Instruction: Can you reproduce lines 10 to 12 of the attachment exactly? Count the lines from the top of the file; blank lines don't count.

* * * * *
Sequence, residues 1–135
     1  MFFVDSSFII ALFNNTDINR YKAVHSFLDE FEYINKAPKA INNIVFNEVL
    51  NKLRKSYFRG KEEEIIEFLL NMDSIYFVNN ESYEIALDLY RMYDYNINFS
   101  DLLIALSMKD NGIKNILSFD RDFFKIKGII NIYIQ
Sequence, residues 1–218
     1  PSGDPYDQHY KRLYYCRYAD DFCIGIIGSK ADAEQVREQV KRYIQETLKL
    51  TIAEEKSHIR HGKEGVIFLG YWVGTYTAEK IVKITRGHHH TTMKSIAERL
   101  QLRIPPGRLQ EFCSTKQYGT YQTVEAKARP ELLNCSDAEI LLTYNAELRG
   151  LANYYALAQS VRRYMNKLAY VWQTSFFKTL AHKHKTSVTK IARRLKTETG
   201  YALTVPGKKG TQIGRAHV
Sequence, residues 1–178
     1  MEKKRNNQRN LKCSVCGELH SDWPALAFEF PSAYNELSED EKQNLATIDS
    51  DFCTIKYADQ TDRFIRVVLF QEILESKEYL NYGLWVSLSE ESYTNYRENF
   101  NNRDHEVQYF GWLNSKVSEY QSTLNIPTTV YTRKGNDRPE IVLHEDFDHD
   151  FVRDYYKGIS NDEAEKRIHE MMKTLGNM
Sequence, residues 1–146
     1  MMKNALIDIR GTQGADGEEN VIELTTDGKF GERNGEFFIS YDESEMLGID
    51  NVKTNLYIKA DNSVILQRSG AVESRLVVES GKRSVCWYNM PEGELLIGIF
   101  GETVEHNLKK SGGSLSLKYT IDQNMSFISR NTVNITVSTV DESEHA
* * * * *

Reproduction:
   201  YALTVPGKKG TQIGRAHV
Sequence, residues 1–178
     1  MEKKRNNQRN LKCSVCGELH SDWPALAFEF PSAYNELSED EKQNLATIDS